For the two years prior to the trip, the students spend countless hours working on fundraising! Every few months they have a new fundraiser to ask friends, family, staff, and community members to support. They gain skills in communication, advertising, self-advocacy, and budgeting. As we get closer to the trip, the students start weekly meetings with myself to learn about money exchange, cultural differences both in Deaf Culture and Hearing Culture between the countries we are visiting and America, travel protocols, historic events, the history and key facts about locations we will visit, and many others. This is also a time for us to develop open communication, learn about each other’s strengths and weaknesses, and develop teamwork.
Even though the skills that the students gain prior to the trip are extensive, what they learn from the rich experience of international travel is even more impressive. For at least the past four years, RSD has partnered with Hands on Travel. This is a Travel Agency comprised of all Deaf guides that specializes in school/college groups and international travel. All the tours are done in American Sign Language so that the students have complete access to all information. In addition, they know and understand what skills are vital for a young deaf student to gain to be able to travel independently and confidently. Those are skills they work on developing throughout the tour.
It was my honor and blessing to watch our RSD students grow and learn in April. When we first arrived in France, I was very nervous about the students using the Paris Metro System. It is an extremely crowded, complex, and challenging metro system even for someone who has traveled extensively. However, both Terry Giansanti (CEO and Head Guide for HOT) and Himel Chowdhury (Tour Guide for HOT) reassured me that this was an important skill for our students to master and they could do it! I trusted both gentlemen and they were “spot on”. The students developed confidence and skills from their struggles and experiences and in 4 days were pros at one of the most complicated metro systems I have ever experienced in my travels. By the time we moved to London they were “pros”! They quickly learned and maneuvered through London’s metro (The Tube) as if they had been doing it for years.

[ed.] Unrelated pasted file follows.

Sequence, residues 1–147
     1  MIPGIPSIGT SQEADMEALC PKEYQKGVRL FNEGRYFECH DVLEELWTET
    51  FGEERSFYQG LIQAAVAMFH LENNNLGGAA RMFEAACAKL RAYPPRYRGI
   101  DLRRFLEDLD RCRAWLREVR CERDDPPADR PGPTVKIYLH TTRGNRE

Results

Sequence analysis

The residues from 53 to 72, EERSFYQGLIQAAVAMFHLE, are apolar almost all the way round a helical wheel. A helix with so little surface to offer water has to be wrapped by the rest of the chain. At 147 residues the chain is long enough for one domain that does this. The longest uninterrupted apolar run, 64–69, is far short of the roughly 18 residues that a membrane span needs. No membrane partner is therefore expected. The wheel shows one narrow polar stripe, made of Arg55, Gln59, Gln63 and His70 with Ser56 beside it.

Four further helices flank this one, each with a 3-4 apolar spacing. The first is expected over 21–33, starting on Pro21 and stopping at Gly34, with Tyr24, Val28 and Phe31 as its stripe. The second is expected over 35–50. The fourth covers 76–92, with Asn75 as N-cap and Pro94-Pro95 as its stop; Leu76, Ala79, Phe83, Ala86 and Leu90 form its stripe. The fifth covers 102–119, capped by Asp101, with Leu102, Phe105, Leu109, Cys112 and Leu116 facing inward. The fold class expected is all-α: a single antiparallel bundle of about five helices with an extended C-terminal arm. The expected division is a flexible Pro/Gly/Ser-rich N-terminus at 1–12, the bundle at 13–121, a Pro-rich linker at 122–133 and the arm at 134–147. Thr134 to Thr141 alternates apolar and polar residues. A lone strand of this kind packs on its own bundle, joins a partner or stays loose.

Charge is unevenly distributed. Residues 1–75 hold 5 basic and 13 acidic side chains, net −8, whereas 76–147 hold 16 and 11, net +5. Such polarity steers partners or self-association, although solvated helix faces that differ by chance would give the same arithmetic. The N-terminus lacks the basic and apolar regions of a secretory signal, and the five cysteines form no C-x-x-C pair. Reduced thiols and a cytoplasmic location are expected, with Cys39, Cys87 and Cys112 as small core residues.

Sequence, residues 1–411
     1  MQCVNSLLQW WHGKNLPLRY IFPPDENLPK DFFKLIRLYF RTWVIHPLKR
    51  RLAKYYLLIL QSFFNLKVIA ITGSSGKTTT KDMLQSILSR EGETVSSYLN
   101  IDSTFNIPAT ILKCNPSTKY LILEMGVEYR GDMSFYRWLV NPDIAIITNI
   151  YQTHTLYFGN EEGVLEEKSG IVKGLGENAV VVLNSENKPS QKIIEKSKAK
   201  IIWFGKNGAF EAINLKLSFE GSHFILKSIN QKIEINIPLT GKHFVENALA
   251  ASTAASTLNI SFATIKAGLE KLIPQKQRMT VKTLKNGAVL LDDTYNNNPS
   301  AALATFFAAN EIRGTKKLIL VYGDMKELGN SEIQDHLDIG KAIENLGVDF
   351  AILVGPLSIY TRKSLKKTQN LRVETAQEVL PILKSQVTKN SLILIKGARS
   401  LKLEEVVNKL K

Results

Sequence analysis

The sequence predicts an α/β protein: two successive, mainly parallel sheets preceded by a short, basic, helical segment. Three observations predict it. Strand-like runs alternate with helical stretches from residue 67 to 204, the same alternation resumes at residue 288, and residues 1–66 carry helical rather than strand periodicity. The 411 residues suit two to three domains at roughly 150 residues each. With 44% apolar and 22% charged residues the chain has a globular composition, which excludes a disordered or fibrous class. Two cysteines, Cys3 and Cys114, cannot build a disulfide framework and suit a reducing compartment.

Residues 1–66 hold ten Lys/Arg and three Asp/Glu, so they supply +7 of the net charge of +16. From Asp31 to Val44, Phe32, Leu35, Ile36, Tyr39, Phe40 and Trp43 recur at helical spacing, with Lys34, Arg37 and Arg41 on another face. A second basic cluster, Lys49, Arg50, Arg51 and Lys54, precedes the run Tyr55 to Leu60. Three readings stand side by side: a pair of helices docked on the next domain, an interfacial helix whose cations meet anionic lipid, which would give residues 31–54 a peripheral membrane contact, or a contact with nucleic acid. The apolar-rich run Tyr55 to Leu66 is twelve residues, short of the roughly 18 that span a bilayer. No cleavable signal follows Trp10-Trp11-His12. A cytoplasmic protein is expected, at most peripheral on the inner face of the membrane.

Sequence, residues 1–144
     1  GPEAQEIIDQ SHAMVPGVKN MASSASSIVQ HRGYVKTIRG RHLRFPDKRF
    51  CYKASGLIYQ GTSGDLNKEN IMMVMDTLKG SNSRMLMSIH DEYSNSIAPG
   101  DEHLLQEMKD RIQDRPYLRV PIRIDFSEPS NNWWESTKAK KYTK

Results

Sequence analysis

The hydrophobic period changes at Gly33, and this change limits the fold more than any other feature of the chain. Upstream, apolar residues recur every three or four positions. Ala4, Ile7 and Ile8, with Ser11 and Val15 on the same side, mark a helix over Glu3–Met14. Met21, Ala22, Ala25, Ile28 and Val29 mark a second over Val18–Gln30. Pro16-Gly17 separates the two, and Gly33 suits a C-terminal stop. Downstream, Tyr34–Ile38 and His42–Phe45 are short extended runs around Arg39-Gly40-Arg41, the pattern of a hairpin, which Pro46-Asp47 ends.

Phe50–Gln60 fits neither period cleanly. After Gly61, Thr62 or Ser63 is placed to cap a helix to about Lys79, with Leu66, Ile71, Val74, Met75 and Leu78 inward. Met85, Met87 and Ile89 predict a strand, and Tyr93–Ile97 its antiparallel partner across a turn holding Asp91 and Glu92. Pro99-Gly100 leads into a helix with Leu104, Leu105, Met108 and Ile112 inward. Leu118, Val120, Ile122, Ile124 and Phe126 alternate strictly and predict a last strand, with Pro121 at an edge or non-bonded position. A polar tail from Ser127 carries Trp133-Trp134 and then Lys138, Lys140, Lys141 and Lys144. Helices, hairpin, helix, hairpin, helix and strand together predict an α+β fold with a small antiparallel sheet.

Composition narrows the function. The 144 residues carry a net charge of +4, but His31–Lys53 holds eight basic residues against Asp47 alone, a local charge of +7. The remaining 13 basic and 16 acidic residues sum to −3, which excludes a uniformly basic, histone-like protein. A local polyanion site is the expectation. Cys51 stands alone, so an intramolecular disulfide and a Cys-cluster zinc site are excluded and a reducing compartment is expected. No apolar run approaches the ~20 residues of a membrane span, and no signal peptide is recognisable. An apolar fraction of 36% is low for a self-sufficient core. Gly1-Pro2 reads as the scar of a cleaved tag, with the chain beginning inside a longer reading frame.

The discussions and conversations Jeff and I were blessed to be part of during this trip are some of the best conversations I have had with young deaf adults in my over 20 years of deaf education! For example, we were visiting Westminster Abby and on one side of the alter Longfellow, C.S. Lewis, and other famous authors and poets who believed in God and even wrote about their faith are buried. On the other side you have Sir Isaac Newton, Steven Hawkins, and Charles Darwin, all who all did not believe in God, believed in science and evolution, yet are buried in the church of England! It started a great conversation with the students. The students also noticed that England’s Tomb of the Unknown Solider is in the church and not guarded like ours in Washington D.C. That started another conversation about how different countries choose to show respect to their military.
I think one of my favorite conversations was the day that we traveled and visited with the school for the deaf in France. Named Institut National de Jeunes Sourds de Paris, this is where schools for the deaf in the United States have their roots. We were fortunate enough to have the opportunity to spend quite a bit of time with some of the high school students there. This led to a great conversation later that afternoon and into the evening about “deaf advantage”, “deaf oppression”, “equal access”, “opportunities for deaf youth and deaf adults”, and comparing France/England with the US. WOW! I hope people realize how insightful our students really are! I honestly learned so much from our time and conversations together! They will change the world one day!! I cannot wait to see it happen!
Ten days after our adventure began, we arrived home very early on a Saturday morning! The students had walked over 80 miles in 10 days, had seen and learned about amazing places in history, and even more important, learned about themselves; learned how fortunate they are that they grew up in the United States, that they can travel the world, navigate a new city, meet and learn from people and new cultures, and do anything that they put their mind to! As one student said (and they all echoed and agreed) when we were standing at the top of the Eiffel Tower, looking down on the city of Paris below, “Thank you RSD, Thank you TAP, Thank you JM. Without any of you, I would not be here. Thank you”. The lessons and experience that the Travel Abroad Program has on our students at RSD, are some of the richest that our students will experience outside of the classroom. Thank you all for your support of this program, and of our students!